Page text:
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How to Build a Credit Rating, Part 2 |
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How to Build a Credit Rating, Part 2
Put it in writing. Your next step is to write directly to the three credit reporting bureaus and let them know about the mistakes. The errors or omitted information I just described often tend to be things that can be easily remedied.

Typically, they will take about 30 days to get this kind of information fixed or updated. Some people, however, fail to write to Experian, TransUnion, or Equifax, and let them know about things they perceive as minor—such as a name that was spelled wrong, or information that is omitted from their file. Whether you realize it or not, that kind of thing could actually cost you money.

When you go to get a loan, lenders like to see stability. So if your most recent place of employment is omitted, or if your current address is not listed properly on your credit report, your credit file may show old, outdated information. Gaps in your listed employment or pertaining to your place of residence may make you appear unstable, or as if you've been hopping around a lot—either from place to place or job to job. That's not a good image to project for someone who's trying to show that he or she is a creditworthy consumer. So, you certainly want to make sure that all relevant, up-to-date information is adequately reflected in your credit file.

Go to the source. If, however, you find that you have a dispute over something that is related to one of the credit card accounts or any other account that is profiled in your credit report, the first step is always to go directly to the source of information. Assume you saw a listing for one of your credit cards and the bank that issued the card has indicated that you had a 30-day late payment. If you are absolutely certain that you were not late on your payment, you should contact that bank right away.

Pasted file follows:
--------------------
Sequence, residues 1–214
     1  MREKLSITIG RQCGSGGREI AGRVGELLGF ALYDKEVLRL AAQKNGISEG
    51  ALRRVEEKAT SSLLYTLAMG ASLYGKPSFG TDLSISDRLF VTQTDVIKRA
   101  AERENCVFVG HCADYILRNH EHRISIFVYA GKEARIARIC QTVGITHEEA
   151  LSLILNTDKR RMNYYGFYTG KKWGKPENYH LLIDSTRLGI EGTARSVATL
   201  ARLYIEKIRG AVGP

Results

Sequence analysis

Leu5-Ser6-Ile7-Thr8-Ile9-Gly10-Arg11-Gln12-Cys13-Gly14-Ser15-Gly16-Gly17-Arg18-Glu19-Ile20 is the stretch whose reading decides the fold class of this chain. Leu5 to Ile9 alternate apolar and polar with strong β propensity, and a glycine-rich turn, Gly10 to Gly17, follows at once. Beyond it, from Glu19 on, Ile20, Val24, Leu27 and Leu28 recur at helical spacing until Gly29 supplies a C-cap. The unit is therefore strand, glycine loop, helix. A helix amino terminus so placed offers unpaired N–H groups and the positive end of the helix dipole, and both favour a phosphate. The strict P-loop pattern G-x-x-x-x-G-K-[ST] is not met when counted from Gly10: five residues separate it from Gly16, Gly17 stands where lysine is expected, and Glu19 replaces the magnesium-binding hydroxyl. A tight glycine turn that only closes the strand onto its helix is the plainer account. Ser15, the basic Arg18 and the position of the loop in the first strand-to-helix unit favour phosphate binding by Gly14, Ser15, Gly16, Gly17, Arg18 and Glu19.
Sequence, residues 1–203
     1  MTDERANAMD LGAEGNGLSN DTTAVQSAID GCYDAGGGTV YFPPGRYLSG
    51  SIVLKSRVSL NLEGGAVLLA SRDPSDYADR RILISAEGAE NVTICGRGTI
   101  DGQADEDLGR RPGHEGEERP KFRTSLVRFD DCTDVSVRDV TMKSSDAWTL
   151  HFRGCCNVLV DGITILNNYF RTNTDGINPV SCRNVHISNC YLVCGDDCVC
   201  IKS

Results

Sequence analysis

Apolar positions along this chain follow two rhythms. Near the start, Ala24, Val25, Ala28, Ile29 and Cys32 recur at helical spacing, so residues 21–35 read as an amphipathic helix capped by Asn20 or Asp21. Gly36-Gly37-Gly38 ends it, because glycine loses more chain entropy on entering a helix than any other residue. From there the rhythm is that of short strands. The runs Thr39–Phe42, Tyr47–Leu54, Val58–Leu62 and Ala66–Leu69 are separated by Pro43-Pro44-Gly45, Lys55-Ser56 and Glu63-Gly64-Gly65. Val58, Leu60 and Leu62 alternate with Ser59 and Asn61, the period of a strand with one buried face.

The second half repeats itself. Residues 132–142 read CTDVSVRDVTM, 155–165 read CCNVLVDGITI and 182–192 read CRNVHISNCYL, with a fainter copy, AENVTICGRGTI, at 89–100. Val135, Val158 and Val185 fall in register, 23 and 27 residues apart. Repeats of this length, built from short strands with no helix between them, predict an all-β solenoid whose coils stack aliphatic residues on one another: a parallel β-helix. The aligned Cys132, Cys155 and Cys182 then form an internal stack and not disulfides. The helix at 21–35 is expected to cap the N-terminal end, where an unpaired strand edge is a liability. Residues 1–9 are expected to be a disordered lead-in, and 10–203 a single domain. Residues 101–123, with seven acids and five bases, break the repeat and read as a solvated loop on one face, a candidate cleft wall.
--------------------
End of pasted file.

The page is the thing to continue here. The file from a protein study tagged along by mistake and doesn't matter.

It's always better to resolve issues like these with the entity that supplied the credit bureau with the information. If you can address a problem with the source of information, that erroneous information will be more quickly taken off your credit report—and will likely remain off. Should you go directly to the credit reporting bureau to try to get erroneous information like that removed, they may take it off because they have 30 days, by law, to investigate your claims. So they usually go to your creditor, in this case the bank, and inquire about the alleged late payment. If the bank does not respond in a timely manner, or if the information in question is not able to be verified, then by law that has to be taken off of your credit report. Unfortunately, what also happens is that sometimes when information has been taken off a credit report by the credit bureau, it will reappear later. It might be 60 days, six months, or three years later. But that negative, erroneous information has a way of popping up again unless you get the problem fixed with the bank that is the original supplier of that information to the credit bureaus.

There are other cases in which you want to write to the creditors, not the credit bureaus. These include situations where your credit report notes that you have a balance, but you paid that balance. Some accounts maybe duplicated or listed in different ways. You don't want the same account listed multiple times (unless it's showing a consolidated balance or a loan payoff); those multiple accounts can make it look as if you are overextended from a credit standpoint.


Article Title : How to Build a Credit Rating, Part 2
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